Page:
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Suzanne Breen

Julian Smith earned respect of all shades of political opinion in Northern Ireland

Suzanne Breen


Julian Smith (far right) with Boris Johnson, Michelle O’Neill and Arlene Foster at Stormont last month

Julian Smith (far right) with Boris Johnson, Michelle O’Neill and Arlene Foster at Stormont last month

AFP via Getty Images

Julian Smith (far right) with Boris Johnson, Michelle O’Neill and Arlene Foster at Stormont last month

Days before the deal was reached to restore power-sharing at Stormont, Julian Smith vented his frustration at the lack of progress paralysing the negotiations.

"We've been f***ing about at this far too long," he told the politicians in front of him.

Dynamic, blunt, yet sensitive when he had to be, the outgoing secretary of state impressed all shades of political opinion here, and that's no mean feat. The parties may not have agreed with everything he said, but they all respected him.

He didn't have a hard act to follow. The hapless Karen Bradley was unanimously regarded as a disaster.

Smith learnt from her mistakes. He employed two twenty-something special advisers, Ross Easton and Lilah Howson-Smith.

Whereas Bradley dealt with the media from a defensive position, team Smith adopted a positive and proactive approach from the get-go.

If he was trying to get hold of a politician, he would stun civil servants by putting on his coat and setting off to find them, rather than waiting for officials to make the phone calls. On other occasions, he would head down for lunch to the canteen in Parliament Buildings where MLAs and journalists ate, which was almost unheard of for a secretary of state.

He first met former Irish foreign affairs minister Simon Coveney at a very formal event in Hillsborough Castle surrounded by officials from both sides.

As business concluded, he turned to Coveney and asked "Will we go to the pub?" and they sauntered down to the Hillside in the village.

From that ice-breaking moment, the two men built a strong relationship which paved the way for New Decade, New Approach.

Smith may have lacked ministerial experience when he came here, but his time as Commons chief whip meant he possessed the crucial skill of building relationships and deals.

Managing 300-plus MPs helped him handle Northern Ireland's recalcitrant politicians.

Smith was a pragmatist, not an ideologue. He was no DUP stooge despite that party's confidence-and-supply agreement with the Tories being in place when he was appointed last July.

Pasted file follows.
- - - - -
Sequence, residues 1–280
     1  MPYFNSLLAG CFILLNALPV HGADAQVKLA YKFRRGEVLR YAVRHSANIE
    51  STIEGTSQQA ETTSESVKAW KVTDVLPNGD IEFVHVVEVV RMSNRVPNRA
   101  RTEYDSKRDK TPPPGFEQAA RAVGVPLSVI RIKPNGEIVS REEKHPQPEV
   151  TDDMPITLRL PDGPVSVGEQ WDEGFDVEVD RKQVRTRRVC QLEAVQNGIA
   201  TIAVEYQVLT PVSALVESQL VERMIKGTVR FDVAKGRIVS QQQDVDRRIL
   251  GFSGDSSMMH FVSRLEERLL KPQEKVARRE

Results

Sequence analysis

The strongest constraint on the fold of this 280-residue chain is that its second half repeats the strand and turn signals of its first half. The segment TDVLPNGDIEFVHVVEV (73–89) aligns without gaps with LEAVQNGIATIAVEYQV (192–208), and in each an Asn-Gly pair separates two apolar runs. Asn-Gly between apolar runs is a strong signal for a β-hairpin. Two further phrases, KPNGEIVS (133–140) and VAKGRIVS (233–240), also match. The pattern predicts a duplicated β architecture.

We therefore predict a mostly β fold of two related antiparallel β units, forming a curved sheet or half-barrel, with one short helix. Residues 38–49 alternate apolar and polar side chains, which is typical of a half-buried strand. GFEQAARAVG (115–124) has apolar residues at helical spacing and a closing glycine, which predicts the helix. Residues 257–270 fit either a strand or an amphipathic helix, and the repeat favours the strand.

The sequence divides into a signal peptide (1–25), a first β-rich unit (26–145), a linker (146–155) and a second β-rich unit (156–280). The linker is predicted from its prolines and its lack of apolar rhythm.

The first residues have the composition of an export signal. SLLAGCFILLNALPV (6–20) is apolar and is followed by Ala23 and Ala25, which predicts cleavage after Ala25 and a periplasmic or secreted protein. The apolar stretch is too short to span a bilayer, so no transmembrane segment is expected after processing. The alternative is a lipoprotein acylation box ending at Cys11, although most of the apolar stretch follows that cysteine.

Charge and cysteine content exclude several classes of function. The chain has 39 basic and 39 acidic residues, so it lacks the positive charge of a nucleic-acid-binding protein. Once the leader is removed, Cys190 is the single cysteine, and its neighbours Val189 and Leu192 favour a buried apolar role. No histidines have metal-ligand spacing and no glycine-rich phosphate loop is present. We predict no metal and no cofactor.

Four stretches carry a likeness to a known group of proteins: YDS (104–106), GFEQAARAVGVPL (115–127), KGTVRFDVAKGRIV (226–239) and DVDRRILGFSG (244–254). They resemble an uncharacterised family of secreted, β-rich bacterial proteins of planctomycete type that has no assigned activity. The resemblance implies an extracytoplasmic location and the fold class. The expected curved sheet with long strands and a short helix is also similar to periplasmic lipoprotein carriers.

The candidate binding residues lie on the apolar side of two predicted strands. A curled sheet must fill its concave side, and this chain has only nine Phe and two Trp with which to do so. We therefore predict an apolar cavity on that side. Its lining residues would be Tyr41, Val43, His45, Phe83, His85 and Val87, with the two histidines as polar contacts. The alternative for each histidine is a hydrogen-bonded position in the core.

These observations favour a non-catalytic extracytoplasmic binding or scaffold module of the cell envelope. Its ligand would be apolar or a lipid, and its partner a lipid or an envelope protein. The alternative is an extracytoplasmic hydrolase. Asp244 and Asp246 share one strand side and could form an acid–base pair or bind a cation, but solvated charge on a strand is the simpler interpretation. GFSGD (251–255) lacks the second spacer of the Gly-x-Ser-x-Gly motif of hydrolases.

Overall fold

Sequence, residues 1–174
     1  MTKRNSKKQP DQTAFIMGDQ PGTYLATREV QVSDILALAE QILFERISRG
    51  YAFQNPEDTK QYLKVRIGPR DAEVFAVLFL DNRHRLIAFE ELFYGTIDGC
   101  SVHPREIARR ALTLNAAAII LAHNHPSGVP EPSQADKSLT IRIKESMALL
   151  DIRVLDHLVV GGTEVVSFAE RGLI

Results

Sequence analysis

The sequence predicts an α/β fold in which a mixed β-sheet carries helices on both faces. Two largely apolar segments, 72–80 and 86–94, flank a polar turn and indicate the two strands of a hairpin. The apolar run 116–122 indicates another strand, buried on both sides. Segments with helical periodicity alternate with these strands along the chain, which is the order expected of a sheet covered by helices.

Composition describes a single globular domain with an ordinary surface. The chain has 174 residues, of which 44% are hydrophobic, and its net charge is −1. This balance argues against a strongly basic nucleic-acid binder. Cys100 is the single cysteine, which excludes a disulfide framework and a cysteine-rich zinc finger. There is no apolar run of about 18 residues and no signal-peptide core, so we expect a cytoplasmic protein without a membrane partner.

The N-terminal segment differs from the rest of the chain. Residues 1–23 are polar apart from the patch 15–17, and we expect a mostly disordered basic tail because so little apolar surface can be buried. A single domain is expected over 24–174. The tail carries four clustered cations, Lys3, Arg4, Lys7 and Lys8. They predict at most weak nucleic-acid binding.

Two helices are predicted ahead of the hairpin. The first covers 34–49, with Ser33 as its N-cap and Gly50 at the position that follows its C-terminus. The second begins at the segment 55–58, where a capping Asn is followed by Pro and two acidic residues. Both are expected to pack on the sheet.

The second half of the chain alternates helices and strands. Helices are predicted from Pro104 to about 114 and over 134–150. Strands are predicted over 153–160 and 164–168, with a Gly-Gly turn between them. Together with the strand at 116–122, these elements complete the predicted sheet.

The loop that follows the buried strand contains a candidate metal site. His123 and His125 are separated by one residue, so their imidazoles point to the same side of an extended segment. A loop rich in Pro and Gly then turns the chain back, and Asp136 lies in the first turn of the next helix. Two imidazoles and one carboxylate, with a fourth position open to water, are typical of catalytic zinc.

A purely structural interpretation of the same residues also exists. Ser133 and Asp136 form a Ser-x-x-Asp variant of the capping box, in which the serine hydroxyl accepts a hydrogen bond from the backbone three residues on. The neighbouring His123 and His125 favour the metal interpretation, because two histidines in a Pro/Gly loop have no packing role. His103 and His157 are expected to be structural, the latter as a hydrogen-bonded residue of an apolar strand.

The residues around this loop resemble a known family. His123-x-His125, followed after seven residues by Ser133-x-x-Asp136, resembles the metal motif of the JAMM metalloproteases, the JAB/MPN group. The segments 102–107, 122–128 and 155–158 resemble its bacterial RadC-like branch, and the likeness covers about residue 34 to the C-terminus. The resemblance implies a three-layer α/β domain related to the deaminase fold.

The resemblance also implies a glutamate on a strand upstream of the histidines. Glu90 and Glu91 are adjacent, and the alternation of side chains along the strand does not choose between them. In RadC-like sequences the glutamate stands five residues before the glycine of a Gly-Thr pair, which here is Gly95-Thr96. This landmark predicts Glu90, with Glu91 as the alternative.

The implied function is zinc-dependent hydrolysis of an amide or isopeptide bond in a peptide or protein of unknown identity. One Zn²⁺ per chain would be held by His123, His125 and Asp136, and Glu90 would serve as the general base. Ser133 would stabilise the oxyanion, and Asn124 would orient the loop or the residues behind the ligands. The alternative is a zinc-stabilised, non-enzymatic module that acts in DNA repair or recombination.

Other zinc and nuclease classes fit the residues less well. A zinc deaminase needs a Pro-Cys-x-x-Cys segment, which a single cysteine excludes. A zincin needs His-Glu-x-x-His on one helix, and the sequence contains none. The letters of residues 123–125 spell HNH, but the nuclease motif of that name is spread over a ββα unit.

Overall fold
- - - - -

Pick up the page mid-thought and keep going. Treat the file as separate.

He had been instrumental in helping abortion and same-sex marriage amendments through the House of Commons last summer.

Smith spent more time in Northern Ireland than many of his predecessors. His wife and daughter would stay with him in the flat in Hillsborough Castle. Weekends included visiting the Clip 'n Climb adventure centre in Dundonald.

Government sources dismiss speculation that plans in New Decade, New Approach to address legacy within the next 100 days - unpopular with many Tories - sealed Smith's fate.

Instead, they point to a Brexit-related tweet which was interpreted as a put-down of Dominic Cummings in October.

Aside from restoring devolution, Smith will be remembered most for his work in helping victims of historical institutional abuse. He fast-tracked legislation to compensate them and held a reception for them in Hillsborough Castle last month. Victim Margaret McGuckin said: "I never met anybody like him. My experience means a lack of trust for the authorities is inbred in me. We were let down by so many other officials and secretaries of state.

"Within minutes of meeting Julian Smith, I knew he was a good one. You always feel these Government people are looking down on you. With him, I felt we were on the same level, or even that he looked up to us a bit.

"I called him Mr Darcy because he reminded me of that character in the Bridget Jones movies.

"He was warm, sincere and a wee bit shy. Just a perfect gentleman."

New Secretary of State Brandon Lewis has big boots to fill.

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